Why Children Get Carsick—And What to Do
Motion sickness is common, especially in children. But what causes it is only partly understood, and why some children have it and others don’t is unknown.
Carsickness isn’t really about the car. It’s about the brain’s ability to interpret a message based on what it senses. Normally, the eyes, ears, and joints all send signals to the brain, and the signals are similar. If you’re traveling in a car, most body parts tell the brain: “We’re moving forward.”
But if children are sitting too low to see through the window to the horizon or if they are looking down and reading at the same time, their brain is getting different messages. The part of the ear that controls balance and motion says, “We’re moving,” but the message from the eyes says, “We’re sitting still and looking at a book!”
This leads to a sensory mismatch that overloads and confuses the brain. The result is nausea. This can be a problem when children are not looking out the windshield.
If your children are too young to express themselves, you can suspect carsickness if they become:
Begin to yawn frequently
Sweaty and pale
Here are some tips to prevent carsickness:
Stop frequently, and at the first sign of symptoms. Before leaving home, give children some crackers or other light snack. Avoid smoking or carrying any strong-smelling foods in the car.
Elevate your children (with approved child safety seats or booster seats) so that they can see the horizon through the windshield. Remember, though, that children younger than age 2 need to be in rear-facing car seats (unless they have reached the highest weight or height allowed by the car seat manufacturer).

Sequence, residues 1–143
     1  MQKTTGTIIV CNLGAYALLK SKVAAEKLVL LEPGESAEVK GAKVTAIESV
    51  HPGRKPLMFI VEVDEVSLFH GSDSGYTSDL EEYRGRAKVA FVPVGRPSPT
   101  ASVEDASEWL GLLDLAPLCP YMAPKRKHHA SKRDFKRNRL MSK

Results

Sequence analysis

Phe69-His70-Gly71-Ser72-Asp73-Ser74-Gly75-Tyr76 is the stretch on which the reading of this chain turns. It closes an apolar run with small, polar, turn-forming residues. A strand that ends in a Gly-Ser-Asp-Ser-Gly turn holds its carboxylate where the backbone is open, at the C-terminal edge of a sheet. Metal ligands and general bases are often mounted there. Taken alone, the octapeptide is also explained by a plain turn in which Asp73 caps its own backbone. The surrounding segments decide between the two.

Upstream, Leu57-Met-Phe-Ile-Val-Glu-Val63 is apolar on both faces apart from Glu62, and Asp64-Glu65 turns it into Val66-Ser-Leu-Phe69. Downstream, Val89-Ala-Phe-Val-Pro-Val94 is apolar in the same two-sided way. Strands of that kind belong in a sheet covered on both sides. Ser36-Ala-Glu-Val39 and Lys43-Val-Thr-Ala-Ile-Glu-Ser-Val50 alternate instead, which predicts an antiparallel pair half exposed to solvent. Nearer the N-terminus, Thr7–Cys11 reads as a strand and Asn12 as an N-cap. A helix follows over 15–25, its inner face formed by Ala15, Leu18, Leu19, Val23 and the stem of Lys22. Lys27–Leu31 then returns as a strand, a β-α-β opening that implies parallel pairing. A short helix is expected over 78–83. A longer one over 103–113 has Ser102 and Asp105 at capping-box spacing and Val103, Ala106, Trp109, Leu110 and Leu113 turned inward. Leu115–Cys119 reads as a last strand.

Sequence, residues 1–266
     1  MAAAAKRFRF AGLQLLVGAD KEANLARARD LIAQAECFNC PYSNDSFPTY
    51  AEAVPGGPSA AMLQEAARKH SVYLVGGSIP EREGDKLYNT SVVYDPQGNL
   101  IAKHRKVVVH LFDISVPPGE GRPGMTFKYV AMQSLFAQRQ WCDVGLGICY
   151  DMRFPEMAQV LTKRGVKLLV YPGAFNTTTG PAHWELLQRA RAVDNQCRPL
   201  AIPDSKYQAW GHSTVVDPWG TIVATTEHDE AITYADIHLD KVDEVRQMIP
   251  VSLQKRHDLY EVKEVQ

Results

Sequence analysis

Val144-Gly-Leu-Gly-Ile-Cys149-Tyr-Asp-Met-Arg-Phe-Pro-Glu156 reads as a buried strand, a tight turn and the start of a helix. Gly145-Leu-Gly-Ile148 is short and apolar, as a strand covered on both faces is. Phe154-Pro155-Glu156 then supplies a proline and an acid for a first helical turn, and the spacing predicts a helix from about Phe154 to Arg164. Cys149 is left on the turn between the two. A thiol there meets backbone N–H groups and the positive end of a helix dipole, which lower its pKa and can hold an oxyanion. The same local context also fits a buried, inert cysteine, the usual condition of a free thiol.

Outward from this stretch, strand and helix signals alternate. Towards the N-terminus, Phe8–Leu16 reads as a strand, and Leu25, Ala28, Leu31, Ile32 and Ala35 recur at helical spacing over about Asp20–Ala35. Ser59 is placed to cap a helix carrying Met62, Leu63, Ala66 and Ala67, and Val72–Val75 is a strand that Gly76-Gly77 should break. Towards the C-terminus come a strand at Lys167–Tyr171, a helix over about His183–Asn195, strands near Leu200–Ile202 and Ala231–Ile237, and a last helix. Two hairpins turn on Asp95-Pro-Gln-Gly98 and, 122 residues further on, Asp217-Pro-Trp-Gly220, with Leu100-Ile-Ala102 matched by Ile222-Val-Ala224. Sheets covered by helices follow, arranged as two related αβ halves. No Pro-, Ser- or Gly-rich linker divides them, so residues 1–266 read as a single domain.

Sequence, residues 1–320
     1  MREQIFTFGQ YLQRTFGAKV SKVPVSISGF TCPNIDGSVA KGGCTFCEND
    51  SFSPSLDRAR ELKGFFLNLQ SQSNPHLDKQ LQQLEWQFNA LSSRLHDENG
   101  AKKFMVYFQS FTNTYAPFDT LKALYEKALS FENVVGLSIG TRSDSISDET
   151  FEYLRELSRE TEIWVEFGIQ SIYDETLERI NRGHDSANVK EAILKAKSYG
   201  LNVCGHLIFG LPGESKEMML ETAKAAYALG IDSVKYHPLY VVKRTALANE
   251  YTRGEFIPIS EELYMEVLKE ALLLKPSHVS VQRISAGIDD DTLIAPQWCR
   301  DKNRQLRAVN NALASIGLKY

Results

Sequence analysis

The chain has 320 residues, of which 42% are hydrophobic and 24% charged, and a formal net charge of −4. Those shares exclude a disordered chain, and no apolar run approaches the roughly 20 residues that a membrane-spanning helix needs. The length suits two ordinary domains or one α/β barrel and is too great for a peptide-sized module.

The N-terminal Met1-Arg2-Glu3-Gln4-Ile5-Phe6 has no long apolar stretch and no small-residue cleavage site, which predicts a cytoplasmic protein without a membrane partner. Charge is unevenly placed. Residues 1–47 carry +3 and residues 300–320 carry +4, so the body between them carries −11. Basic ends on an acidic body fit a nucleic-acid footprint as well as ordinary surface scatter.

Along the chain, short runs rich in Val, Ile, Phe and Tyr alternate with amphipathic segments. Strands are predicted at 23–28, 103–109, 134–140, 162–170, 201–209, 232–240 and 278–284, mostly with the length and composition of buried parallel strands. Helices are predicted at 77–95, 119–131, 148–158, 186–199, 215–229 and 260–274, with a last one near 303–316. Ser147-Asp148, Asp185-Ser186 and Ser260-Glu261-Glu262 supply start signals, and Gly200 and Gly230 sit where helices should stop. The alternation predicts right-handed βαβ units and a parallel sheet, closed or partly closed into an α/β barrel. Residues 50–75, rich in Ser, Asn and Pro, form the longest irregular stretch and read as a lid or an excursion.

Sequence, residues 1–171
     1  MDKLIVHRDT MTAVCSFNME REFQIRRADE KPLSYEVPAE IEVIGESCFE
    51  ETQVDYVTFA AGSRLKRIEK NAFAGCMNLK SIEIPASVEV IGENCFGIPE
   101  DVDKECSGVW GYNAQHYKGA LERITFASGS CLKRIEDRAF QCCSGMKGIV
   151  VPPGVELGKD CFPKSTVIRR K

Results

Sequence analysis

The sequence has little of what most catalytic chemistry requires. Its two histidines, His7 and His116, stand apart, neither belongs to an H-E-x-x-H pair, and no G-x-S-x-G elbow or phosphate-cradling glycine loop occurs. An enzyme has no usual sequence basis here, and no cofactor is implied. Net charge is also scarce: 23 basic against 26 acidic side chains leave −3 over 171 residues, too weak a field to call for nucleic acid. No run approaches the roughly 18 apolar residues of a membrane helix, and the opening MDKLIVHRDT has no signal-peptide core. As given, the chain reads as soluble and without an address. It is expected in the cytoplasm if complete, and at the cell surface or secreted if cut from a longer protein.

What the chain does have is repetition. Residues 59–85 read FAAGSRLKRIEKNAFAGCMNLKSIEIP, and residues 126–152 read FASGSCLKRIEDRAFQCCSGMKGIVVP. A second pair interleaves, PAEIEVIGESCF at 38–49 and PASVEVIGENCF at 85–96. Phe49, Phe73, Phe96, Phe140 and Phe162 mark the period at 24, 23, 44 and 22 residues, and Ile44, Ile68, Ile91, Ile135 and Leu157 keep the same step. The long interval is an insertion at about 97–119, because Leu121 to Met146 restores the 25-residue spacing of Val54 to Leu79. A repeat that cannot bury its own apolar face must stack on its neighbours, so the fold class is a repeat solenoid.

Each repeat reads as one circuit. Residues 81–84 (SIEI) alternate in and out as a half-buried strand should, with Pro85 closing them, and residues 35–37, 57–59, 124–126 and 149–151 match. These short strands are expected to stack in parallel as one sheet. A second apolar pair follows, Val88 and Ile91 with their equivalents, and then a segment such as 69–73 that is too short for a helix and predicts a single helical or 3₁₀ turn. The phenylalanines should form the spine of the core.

Entertain young children with activities that keep them from looking down. Instead of using books, try playing music for them to listen to.
If your children get carsick, stop as soon as possible. Have them lie down until the dizziness passes. If they have vomited, offer them cold water and a light snack when the nausea passes.
If carsickness is a regular problem, talk with your healthcare provider. He or she may suggest an over-the-counter travel sickness medicine for children older than age 2. Be sure to use the proper amount based on your children’s age. Some of these medicines cause sleepiness or even agitation. Always get advice from your healthcare provider and be careful when using them. Do not use a motion sickness patch because it contains too high a dosage for children.
March 20, 2017
Dozier, Tennille, RN, BSN, RDMS,Kacker, Ashutosh, MD